New York Times – President Trump again stopped short of reimposing punitive sanctions on Iran that could break up its nuclear deal with world powers, the White House said on Friday. But Mr. Trump gave European allies only 120 days to agree to an overhaul of the deal or administration officials said he would pull the United States out of it. He also approved sanctions against the head of Iran’s judiciary, Sadeq Larijani, a powerful figure whom the administration holds culpable for the violent crackdown on recent antigovernment protests.
Al Jazeera – Activists in Tunisia have called for a major demonstration against the government’s decision to increase taxes and the prices of basic goods, after hundreds of people were arrested in previous days of protests.
In a tweet, Trump said the new embassy building was part of a “bad deal” as he blamed the Obama administration for selling the previous one in Grosvenor Square for “peanuts”.
Activist Post – Viktor Orban has caused shockwaves amongst the EU and the European establishment in recent years and has subsequently drawn the wrath of that establishment, resulting in an attempted color revolution in Hungary. Orban survived that attempt, however, and is continuing to “trigger” the EU with his refusal to destroy his country and culture with mass immigration and his open condemnation of George Soros and the destabilization empire Soros has maintained in Eastern Europe for decades.
A statement on Friday cited risks of “terrorist” attacks as well as arbitrary arrests in Turkey’s Western ally.
U.S. News, Politics & Government
Fox News – President Donald Trump signed a proclamation Friday declaring Martin Luther King Jr. Day. This week Trump signed a measure creating a new national historic park for Martin Luther King Jr. in Georgia. The park’s boundaries include the Prince Hall Masonic Temple, a site that King used as the headquarters for the Southern Christian Leadership Conference, according to a White House spokesman.
Reuters – .S. Ambassador to Panama John Feeley, a career diplomat and former Marine Corps helicopter pilot, has resigned, saying he no longer felt able to serve President Donald Trump. Feeley’s departure had been communicated to State Department officials on Dec. 27 and was not a response to Trump’s alleged use of the word “shithole” to describe Haiti and African countries at a meeting on Thursday, U.S. officials said. Trump denies using the term.
Reuters – President Donald Trump’s former chief strategist Steve Bannon will be interviewed next week by a U.S. House of Representatives committee investigating alleged Russian interference in the 2016 U.S. election, a person familiar with the matter said on Thursday.
Washington Times – The U.S. Senate has passed a bill granting federal recognition to six American Indian tribes in Virginia, a move that makes the tribes eligible for federal money for education, housing and health care. The bill will now be sent to the president’s desk. It gives the Rappahannock, Monacan, Nansemond, Upper Mattaponi, Chickahominy and Eastern Chickahominy tribes a status they have sought for two decades. Many of the members of the tribes are descendants of Pocahontas’ Virginia Powhatan tribe.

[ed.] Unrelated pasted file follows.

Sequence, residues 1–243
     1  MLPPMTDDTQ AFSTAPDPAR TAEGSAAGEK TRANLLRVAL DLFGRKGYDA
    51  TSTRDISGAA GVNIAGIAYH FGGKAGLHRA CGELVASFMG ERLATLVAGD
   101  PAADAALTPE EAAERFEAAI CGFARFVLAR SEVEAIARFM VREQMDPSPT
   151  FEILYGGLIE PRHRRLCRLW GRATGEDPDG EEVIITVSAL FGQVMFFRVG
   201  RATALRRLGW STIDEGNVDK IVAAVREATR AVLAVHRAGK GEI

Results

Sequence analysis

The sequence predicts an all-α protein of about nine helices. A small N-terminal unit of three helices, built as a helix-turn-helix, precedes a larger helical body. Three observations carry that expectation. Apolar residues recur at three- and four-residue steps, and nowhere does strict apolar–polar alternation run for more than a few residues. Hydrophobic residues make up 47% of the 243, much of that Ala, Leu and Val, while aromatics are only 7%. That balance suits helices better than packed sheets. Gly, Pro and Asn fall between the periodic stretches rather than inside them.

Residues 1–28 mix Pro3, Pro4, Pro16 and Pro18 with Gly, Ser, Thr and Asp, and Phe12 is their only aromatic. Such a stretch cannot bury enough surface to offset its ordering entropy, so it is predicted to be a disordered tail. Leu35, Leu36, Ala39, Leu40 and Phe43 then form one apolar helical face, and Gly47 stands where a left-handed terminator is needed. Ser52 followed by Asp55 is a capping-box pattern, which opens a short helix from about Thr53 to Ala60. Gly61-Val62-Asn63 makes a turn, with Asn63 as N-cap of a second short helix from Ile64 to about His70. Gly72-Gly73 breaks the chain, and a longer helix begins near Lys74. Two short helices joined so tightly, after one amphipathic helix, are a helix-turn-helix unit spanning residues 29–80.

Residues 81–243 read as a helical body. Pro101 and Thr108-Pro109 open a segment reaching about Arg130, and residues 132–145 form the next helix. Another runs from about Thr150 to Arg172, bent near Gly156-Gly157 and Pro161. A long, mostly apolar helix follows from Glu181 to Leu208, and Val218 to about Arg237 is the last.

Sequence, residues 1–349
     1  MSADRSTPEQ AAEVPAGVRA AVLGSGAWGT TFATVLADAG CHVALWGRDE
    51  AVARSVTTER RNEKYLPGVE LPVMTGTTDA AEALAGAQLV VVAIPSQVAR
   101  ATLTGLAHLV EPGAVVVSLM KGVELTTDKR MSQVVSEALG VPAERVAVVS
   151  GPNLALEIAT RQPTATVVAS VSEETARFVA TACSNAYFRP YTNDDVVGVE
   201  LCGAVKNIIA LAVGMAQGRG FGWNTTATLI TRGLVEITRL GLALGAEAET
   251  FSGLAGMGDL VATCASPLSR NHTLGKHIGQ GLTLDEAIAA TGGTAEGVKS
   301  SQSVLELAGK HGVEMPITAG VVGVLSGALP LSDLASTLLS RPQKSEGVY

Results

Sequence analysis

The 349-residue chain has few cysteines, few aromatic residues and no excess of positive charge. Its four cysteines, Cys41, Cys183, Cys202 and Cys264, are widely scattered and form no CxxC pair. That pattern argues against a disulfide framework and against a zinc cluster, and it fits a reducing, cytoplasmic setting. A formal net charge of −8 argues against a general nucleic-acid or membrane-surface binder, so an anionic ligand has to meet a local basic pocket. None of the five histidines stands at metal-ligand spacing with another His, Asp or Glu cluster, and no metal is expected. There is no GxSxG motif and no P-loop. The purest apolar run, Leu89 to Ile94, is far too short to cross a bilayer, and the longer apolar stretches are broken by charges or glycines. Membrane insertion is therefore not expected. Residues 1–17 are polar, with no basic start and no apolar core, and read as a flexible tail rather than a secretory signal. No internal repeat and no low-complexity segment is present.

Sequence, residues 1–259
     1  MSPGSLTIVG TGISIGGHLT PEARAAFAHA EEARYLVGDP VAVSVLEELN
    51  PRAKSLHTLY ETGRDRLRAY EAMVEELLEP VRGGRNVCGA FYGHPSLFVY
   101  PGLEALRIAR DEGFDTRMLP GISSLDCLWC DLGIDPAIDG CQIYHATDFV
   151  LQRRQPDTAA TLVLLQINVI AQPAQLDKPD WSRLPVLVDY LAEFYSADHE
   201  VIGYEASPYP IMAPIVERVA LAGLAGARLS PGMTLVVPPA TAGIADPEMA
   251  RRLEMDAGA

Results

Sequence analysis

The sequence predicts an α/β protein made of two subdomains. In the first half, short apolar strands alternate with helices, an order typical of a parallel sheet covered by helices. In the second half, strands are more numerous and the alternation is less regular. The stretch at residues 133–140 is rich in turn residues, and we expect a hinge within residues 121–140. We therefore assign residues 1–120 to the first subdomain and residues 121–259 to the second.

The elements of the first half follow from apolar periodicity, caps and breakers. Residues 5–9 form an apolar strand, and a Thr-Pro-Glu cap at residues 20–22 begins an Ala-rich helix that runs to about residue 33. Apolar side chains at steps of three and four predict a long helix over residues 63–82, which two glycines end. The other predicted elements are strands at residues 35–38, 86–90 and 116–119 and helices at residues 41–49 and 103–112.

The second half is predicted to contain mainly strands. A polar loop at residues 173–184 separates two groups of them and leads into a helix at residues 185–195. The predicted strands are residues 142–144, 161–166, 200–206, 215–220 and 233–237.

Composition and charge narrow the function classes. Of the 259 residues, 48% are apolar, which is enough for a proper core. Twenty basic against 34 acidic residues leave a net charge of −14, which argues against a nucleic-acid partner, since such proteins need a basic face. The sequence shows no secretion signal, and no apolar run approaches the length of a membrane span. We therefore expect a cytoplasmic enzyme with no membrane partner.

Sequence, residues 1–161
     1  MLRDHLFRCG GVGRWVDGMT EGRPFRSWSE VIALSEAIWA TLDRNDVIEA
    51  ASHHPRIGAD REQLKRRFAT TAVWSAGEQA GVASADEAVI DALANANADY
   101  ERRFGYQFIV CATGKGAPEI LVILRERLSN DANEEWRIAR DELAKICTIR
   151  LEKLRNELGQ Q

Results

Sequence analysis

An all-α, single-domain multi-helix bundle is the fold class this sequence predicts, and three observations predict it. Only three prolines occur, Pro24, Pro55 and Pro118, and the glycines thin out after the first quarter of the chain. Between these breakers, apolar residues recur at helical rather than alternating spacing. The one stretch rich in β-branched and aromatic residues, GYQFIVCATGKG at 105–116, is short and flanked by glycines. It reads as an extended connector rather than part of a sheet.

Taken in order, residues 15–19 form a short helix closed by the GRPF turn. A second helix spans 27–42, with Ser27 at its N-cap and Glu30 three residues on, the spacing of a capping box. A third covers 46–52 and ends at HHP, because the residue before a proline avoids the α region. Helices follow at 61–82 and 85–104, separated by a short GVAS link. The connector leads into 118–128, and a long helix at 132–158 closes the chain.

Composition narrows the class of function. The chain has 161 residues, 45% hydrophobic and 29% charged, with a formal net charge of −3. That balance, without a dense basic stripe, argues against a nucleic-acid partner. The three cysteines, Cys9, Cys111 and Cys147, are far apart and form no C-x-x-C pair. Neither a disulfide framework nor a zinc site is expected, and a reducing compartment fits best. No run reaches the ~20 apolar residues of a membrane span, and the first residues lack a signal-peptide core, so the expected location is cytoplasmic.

WND – Sen. Dianne Feinstein said Thursday that a “bad cold” possibly attributed to her decision not to tell Senate Judiciary Chairman Charles E. Grassley about the release of Glenn Simpson’s testimony earlier this week.
WND – Parents react: ‘It’s highly offensive and insensitive. I was in shock’. A homework assignment asked fourth-graders at a private school in Wauwatosa to argue why slavery was a good thing. It prompted an apology from the principal of Our Redeemer Lutheran School, who said the question wasn’t supposed to have an answer because there are no good reasons for slavery. The assignment handed out Monday, Jan. 8 quickly sparked backlash. It asked English students to “give three good reasons for slavery and three bad reasons.”
The Daily Sheeple – After several decades of nation-building and trillions of dollars missing or improperly recorded, the long-awaited audit of the U.S. Department of Defense (DoD) has finally begun. On Wednesday, the Defense Department Comptroller David Norquist told lawmakers in Washington that the DoD’s first-ever department wide audit will cost about $367 million in 2018 and an additional $551 million to fix the problems. And in a preview of what is to come, Norquist told the House Armed Services Committee that an initial Army audit found 39 UH-60 Black Hawk helicopter ($830,700,000) were not adequately recorded in the property system. “The Air Force identified 478 structures and buildings at 12 installations that were not in its real property system,” he added. In other words these helicopters were simply “missing” on the books.